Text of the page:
Not long ago, I had an editorial project in which the client pretty much needed to pay by credit card. Mostly because I figured it was something I’d have to make possible from a business standpoint sooner or later, I made a commitment to signing up with Paypal to accept credit cards.
Before I’d ever billed anyone through Paypal, I came to dislike them. I had some concerns about the information they required and the steps they took to set up the account, and after a couple of dismissive phone conversations with representatives, I already doubted this relationship was going to work. However, it was a way to accept credit cards, and I had agreed to do that, so I had to hold my nose and prepare for it. Maybe it wouldn’t be so bad; maybe I was through the annoying part.
Months passed, I did the work, great client relationship. Coachable author, great story, happy times. When I completed the edit, the time came to get paid. I created the invoice in the approved fashion, and my client paid promptly. The resulting fee, deducted from my proceeds, came to $50. While I had known it would be about that, I mention it to make the point: at this juncture, they are a paid service provider, and I’m paying the bill, and the question here is: what value do I get for my $50?
Paypal advised me that I could not have the money yet, but that the ‘approval’ should take 24 hours or less. It took so near to 24 hours that one suspects there was no actual process, just hanging onto the money for a day’s float. All right, fine; then I checked in, and found that I had to affirm that I’d provided the services. Oh, brother…but I did. (If I had not, does one suppose there would be a client payment waiting?) And now I am told that my funds will be available in twenty-one days.
This is what my $50 bought. It also bought a rather unhappy client, which I cannot afford. I didn’t ask about all the details, but the client said: “The thing made us practically sign away our firstborn to make that payment.” That’s not the way I treat my clients, nor am I at all happy that it was done by an agency I paid $50 to act on my behalf. I just hired service my client did not appreciate, and it reflects on me, and while I may not have dictated the behavior, the responsibility is still mine. I chose and paid the service provider.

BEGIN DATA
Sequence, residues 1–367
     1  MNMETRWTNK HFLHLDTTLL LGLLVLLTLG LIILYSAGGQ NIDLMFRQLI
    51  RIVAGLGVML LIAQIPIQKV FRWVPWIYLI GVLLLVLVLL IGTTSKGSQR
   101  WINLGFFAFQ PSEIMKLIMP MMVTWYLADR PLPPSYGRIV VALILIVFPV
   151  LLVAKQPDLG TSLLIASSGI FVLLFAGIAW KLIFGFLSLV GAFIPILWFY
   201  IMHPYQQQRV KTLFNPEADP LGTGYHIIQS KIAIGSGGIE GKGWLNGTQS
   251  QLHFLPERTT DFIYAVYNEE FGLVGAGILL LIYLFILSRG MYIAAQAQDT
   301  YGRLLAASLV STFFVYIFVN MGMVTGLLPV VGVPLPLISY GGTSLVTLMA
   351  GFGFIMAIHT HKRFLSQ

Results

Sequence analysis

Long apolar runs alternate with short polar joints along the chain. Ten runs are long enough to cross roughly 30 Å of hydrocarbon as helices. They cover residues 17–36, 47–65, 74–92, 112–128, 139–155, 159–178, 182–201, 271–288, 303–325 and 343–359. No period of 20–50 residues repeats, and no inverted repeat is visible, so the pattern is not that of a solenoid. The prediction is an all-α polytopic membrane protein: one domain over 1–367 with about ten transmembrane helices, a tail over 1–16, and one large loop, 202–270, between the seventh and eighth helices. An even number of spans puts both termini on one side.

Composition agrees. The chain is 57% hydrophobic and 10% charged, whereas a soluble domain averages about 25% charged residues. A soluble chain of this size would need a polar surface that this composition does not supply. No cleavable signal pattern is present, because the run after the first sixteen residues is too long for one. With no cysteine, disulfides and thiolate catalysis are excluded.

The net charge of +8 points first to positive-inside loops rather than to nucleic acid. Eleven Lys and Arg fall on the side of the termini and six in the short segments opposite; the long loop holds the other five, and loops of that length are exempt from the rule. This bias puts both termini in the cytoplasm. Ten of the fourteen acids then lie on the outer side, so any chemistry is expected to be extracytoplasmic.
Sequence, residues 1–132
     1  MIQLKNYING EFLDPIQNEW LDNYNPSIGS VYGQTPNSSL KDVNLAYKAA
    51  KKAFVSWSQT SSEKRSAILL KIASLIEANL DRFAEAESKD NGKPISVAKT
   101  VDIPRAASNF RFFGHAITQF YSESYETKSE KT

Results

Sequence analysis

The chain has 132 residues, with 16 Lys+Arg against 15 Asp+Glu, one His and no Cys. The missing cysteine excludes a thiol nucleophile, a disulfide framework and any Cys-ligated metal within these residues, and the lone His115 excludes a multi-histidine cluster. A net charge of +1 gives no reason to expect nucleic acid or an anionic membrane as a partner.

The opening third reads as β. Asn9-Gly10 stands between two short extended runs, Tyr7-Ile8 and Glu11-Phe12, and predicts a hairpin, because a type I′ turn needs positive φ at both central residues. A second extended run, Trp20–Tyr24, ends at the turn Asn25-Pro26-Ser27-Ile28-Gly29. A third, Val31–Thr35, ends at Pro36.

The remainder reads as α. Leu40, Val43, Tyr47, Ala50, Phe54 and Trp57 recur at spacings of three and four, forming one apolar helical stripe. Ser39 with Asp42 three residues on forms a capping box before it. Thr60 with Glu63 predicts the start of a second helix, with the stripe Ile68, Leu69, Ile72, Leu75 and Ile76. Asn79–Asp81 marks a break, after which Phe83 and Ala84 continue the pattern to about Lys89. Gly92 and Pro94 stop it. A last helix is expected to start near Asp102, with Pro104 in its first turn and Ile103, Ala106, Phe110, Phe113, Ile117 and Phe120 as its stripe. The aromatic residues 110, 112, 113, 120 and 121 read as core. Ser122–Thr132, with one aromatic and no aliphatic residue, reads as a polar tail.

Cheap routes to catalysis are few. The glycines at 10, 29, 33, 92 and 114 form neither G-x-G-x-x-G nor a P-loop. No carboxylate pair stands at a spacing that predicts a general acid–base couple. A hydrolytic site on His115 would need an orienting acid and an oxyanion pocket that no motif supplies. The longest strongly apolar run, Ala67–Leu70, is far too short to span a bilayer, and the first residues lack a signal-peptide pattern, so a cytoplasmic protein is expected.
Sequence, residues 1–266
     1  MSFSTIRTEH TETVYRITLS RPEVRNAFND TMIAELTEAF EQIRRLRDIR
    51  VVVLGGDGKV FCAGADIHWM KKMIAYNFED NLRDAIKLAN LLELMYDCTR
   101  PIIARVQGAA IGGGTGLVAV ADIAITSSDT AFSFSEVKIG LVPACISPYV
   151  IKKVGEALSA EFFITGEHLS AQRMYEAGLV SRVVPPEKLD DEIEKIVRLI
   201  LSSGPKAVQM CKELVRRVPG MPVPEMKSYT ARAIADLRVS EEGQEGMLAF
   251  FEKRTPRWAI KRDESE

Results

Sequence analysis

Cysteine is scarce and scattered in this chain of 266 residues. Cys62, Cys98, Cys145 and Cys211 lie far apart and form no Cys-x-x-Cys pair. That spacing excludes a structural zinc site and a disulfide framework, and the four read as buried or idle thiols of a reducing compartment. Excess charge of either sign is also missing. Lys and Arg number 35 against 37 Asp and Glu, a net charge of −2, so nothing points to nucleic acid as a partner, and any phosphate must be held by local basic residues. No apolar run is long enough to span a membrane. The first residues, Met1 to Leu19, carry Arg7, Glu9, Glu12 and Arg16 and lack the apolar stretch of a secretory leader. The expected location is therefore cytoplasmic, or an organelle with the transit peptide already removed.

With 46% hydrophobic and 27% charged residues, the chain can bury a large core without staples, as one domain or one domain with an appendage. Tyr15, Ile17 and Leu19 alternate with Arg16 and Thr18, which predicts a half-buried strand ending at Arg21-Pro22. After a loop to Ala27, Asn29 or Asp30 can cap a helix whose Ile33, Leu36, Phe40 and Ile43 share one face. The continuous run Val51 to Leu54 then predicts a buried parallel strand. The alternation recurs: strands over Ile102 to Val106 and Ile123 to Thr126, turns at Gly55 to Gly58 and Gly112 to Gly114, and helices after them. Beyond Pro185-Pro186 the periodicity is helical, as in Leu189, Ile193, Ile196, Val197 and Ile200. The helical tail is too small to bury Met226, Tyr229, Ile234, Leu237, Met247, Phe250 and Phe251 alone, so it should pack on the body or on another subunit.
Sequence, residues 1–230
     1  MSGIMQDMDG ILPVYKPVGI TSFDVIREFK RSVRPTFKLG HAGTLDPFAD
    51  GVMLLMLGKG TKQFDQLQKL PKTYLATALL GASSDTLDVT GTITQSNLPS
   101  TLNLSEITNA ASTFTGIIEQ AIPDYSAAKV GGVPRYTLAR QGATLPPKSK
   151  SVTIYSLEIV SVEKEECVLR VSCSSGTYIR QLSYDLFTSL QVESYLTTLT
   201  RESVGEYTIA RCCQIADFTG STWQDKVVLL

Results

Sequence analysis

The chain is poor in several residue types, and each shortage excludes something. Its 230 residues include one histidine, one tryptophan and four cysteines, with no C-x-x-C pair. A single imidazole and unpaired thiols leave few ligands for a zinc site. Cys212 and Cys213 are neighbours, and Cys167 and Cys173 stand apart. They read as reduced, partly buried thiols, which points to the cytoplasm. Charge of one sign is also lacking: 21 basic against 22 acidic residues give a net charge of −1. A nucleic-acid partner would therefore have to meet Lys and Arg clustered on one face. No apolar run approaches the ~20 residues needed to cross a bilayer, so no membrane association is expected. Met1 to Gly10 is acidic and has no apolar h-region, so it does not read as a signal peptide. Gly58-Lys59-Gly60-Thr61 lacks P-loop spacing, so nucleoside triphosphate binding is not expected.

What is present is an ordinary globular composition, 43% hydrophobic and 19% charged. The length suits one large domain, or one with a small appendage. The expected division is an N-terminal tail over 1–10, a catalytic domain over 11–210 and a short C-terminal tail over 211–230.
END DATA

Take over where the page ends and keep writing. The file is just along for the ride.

So if you’re thinking of signing up to take Paypal, it looks like what you can expect is for your client to get a runaround, and if all goes perfectly, you can have your money twenty-two days from date of actual payment. While Paypal gets to hold onto your money for all that time, you pay them not quite 3% of your proceeds for all this great service. Just because that’s pretty much the standard Visa fee does not make this a good deal. It’s only a good deal if everyone gets great service.
To me, this wasn’t worth $50. This is the last time I am doing this, because neither I nor my client is happy.
Why don’t I just tack on a fee and keep taking Paypal? Now that would be even worse client service. “Hi. My payment provider is going to annoy you. And just to make your day even brighter, you have to pay the fee they charge.” That is exactly the screw-the-customer mentality I’ve been cursing for years in corporate America, and where the matter is left up to me to decide, I refuse to perpetuate it.
Therefore, once I get this money safely away from Paypal, I will close that account. While it would add convenience for some clients for me to accept credit card payments, the associated aggravation–including where I either choose to screw the client or get screwed myself–is not worth it for any of us.
The stock response from the is “if you don’t like their policy, don’t use the service.” Not to worry. And no, when I cancel it, I am not going to tell them why. At least, not for free.
If they want to know why, the fee is $60. And they may have their answer in twenty-one days. And I will not accept payment via Paypal.
PS: the saga continues. To their somewhat credit, I got a notice that my money would be released sooner. When I got home, I attempted it and discovered that, unless I also give them my SSN and link the account to a credit card, I can only withdraw $500 per month.
Cold day in hell before I give them one more bit of sensitive information. This is hostage-taking.
I should have all my money by March. Isn’t this just marvelous?
PPS: called to see if closing the account outright would get me paid in full. The rep seemed able to lift the $500 limit at that point. Imagine that. Suddenly I am able to ask to have all the money in my account. I have minimal faith that I will actually see it there.
2 thoughts on “Why I don’t take Paypal”
I quit for very similar reasons. At the time I quit, PayPal was owned by Ebay. My grandson asked me to help him sell his wedding ring after his divorce. I posted it on Ebay. The ring sold at auction. Grandson was happy. Buyer, a nice chap from CA paid and the cash went to PayPal. I was ignorant of what to expect and neither Ebay nor Paypal explained costs to me in a way that I understood. Bottom line: 1. My grandson had to pay Ebay for the success of the auction. I knew this going in. 2. My grandson had to pay PayPal for…What? They had the money to invest and earn interest on for the 4 days that it took them to receive the money, then send a check. Never again for either: Ebay or PayPal.
Yes, Mr. Saliby, it’s pretty easy to see what the game is there. I think most people today do not understand what you clearly do: that when someone can make an excuse to hold onto money, they can profit from it. It might not be a significant sum for the average person, but when you process millions a day, it definitely is. They count upon people yawning over that.